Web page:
Home' Rotary Down Under : October 2016 Contents LIFE & TRAVEL
| 54 | ISSUE 588 OCTOBER 2016
Home among the gum trees
Quick quiz: What do Ethiopia and Australia have in common?
Answer: Eucalyptus trees.
Yes, gum trees abound in the Ethiopian highlands that
constitute most of its landmass. But the question is, why
Ethiopia is an agricultural/pastoral land where most people
endure a harsh, subsistence life in a remote village. They construct
their homes and farm buildings in the ancient way of “wattle
and daub” – a wooden scaffold covered in a mixture of soil,
manure and straw, topped with a thatched, now increasingly
iron, roof. The timber frame is constructed with strong, straight
poles harvested from young gum trees. Personal plantations on
small plots dot the landscape, and the “ones that got away”
thrive in the towns and steep gullies in these high mountains.
Squint, and it’s like Australia.
Unlike Australia’s timber production, Ethiopia has a singular
purpose: strong, straight poles for building. Trees are not
thinned to encourage trunk growth; they are decapitated at
ankle height to harvest more upright stems, then stripped by
adze and dried into poles of varying lengths.
For the enterprising Ethiopian, gum trees make a good cash
crop. Every Saturday, hundreds of women, bowed down with
5m poles across their backs, walk for hours down mountain
roads to the town market. When confronted by a vehicle, they
gladly give way to take a well-earned sit-down, still fully loaded.
How and why Ethiopia came to be abundant in eucalypts is
explained to us in a little story (our tour guides explain things
with stories, earnestly delivered in rote fashion). Menelik II
(1844-1913), one of the last emperors, visited Australia in 1898
and was shown Australia’s fast-growing gum trees. He reasoned
they would be beneficial to replace the denuded forests around
his newly founded capital, Addis Ababa.
So he stole some seeds and hid them in his turban.
Never mind that eucalypts were first planted on Mt Entoto
(3200m), “the lungs of Addis”, in 1894 on the advice of
Frenchman Modan-Vilailhet... and that Emperor Menelik never
Ethiopians love telling stories – fantastic ones.
Laid stones pave a steep passage
to the entrance – through a dark,
15-metre-long, chiselled-out tunnel.
Stooped, we enter into a brightly sunlit
cut-out void open to the sky and on
one side to the horizon. A large chunk
of rock remains in the middle. It is a
traditional rock-hewn church, its roof
unfinished. The chanting room, usually
within the church, is carved into the
rock opposite, next to the tunnel.
Suddenly, a priest rushes past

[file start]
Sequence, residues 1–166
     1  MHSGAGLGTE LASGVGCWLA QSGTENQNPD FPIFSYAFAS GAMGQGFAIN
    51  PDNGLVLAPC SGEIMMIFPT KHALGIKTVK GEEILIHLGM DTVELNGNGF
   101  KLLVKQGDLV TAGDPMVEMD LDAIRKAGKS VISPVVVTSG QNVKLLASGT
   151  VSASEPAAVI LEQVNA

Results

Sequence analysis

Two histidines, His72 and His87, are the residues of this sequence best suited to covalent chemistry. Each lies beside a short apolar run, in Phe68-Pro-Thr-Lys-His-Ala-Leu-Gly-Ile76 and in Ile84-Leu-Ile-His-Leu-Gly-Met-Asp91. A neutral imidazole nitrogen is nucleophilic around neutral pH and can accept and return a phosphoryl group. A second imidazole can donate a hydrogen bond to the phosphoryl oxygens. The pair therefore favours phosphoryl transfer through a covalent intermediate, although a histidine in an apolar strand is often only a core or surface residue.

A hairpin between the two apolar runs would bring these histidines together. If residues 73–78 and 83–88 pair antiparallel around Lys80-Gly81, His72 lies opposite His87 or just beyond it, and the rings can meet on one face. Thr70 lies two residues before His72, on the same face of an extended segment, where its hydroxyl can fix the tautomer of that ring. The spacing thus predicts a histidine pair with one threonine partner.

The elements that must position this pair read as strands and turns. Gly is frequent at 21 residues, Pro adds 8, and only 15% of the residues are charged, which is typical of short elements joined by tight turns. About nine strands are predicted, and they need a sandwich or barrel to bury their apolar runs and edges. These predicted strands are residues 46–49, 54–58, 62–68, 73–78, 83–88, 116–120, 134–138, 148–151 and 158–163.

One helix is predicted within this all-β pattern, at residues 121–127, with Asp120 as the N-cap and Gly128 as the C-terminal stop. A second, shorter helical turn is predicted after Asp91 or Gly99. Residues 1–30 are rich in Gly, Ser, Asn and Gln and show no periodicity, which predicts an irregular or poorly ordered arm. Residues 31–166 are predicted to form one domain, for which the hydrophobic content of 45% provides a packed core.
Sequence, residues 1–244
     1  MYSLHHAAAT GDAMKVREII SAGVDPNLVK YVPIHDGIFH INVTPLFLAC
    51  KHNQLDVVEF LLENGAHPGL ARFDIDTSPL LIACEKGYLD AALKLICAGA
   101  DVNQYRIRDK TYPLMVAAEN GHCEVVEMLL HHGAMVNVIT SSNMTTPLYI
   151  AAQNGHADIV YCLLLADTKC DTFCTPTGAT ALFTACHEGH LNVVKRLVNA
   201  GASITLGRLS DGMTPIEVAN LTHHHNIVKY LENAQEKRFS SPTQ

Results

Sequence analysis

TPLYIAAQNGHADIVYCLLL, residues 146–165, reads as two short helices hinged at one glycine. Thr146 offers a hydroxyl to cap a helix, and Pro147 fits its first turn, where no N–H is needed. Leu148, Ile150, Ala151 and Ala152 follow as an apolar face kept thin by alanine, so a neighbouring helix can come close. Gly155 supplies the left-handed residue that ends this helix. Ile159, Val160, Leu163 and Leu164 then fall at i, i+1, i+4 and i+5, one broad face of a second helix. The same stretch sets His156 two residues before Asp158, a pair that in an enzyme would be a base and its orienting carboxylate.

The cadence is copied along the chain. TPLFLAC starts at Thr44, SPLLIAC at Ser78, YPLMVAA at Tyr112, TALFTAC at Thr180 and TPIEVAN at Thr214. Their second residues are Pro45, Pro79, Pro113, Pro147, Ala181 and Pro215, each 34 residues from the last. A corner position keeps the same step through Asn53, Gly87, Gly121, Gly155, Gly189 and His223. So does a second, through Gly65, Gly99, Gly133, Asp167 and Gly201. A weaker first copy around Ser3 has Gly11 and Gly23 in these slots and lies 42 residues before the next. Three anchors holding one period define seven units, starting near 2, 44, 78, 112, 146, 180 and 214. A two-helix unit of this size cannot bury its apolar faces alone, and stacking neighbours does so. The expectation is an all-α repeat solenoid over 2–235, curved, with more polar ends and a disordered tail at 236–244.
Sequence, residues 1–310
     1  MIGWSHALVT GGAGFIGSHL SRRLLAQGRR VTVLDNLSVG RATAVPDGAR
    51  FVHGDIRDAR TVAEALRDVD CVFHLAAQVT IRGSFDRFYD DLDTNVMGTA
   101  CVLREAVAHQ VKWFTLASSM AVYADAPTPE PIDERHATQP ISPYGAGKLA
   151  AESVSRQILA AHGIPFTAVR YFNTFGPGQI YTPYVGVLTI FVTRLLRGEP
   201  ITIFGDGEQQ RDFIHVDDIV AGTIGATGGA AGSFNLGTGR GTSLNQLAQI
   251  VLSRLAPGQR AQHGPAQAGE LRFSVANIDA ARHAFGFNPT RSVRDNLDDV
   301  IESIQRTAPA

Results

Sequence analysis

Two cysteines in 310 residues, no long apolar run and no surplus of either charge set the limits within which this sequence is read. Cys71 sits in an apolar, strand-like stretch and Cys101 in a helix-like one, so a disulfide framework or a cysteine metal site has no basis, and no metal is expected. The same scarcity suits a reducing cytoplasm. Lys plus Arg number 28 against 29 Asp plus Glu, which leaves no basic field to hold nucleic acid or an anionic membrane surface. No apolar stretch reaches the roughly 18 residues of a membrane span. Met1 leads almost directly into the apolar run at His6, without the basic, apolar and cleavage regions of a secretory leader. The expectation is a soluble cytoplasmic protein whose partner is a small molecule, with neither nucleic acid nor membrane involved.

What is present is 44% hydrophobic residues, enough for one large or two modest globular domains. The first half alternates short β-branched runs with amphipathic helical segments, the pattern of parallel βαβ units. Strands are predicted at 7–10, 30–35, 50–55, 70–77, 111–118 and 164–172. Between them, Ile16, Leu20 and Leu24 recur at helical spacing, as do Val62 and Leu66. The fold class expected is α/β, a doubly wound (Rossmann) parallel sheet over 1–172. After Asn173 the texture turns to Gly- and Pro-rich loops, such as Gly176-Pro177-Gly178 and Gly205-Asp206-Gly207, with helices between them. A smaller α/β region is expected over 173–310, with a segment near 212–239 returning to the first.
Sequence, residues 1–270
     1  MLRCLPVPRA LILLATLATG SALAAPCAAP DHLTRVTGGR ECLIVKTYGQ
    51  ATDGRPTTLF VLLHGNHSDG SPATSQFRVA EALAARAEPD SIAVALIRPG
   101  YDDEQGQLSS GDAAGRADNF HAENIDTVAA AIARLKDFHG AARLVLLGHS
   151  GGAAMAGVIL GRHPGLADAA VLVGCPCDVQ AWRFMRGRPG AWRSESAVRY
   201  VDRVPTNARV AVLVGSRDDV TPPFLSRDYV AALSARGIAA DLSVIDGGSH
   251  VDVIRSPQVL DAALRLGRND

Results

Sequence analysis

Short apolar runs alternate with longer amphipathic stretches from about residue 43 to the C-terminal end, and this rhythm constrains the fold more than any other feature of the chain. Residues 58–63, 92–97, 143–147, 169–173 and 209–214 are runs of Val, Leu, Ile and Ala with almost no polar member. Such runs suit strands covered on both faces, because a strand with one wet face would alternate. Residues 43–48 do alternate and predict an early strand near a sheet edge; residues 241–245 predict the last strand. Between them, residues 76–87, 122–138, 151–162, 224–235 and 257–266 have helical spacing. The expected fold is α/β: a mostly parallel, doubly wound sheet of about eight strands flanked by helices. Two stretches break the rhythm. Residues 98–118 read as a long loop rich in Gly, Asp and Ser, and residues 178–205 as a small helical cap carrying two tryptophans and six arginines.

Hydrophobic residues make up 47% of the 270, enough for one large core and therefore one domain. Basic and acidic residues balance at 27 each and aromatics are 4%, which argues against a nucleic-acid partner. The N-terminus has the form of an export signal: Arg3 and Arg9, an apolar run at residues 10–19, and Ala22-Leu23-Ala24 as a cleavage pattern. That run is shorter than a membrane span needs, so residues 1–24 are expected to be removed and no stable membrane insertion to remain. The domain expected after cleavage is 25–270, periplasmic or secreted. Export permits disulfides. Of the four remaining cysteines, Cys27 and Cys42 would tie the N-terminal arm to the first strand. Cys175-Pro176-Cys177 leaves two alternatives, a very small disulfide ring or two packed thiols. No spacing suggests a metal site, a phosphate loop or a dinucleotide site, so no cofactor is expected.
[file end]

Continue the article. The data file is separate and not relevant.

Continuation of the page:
putting on his regalia – which excludes
footwear – and unlocks the church
door, welcoming us in. He stands
proudly erect, and wordless, showing
us “the treasures”: bible stories with
gaudy-coloured explanatory pictures
and metal ceremonial crowns. It’s
the same routine for every Ethiopian
church carved out of rock. But we’re
here for this special place “close to
God”, and this extraordinary vista.
We mosey around. There seems
to be no visible means of support.
Bewnetu disappears. A smiley boy
carrying water containers stands
near a hut that grips the mountain
edge like a limpet, reminding me
that his village supports this religious
community. Next, I see a monk spread-
out in the dirt on the edge of the
carved-out void, level with the church
roof. He signals for alms... begging. I
have only a one-birr coin in my pocket,
worth 6 cents. He’s overjoyed. I know
that Ethiopian Orthodox monks are
high-status, learned clergymen, while
priests are often less sophisticated and
educated. Things are different in this
harsh, remote eyrie. My monk has
gnarled feet, torn tunic, wild eyes, and
looks a little disturbing.
An hour or more passes, mainly spent
mesmerised by the view, more often
seen by soaring eagles; terraced farms
cascade downwards to the middle
distance with row upon row of jagged
mountains, and shades of shapes in
the haze beyond. Bewnetu reappears.
It’s time to walk down about 1000m.
Despite the steep descent and some
hazardous rocky passages, it’s not too
difficult – for a fit person. Many older
Ethiopians skipping down this track
are 70-plus. It’s almost straight down,
cutting off this morning’s sharp road
bends. But walking through terraced
farmlands we see plots of vegetable
crops and, surprisingly, small fields of
wheat fenced off with gum trees... a
tiny slice of Australia (see sidebar).
Bewnetu knows the most scenic
spots for a welcome breather. Our
descent takes an hour, a third of
the time to walk up. The track ends
abruptly behind a shop on the main
street of Lalibela. A little weary, we
walk home full of wonderment.
“Next, I see a monk spread-
out in the dirt on the edge
of the carved-out void, level
with the church roof. He
signals for alms... begging.
I have only a one-birr coin
in my pocket, worth 6 cents.
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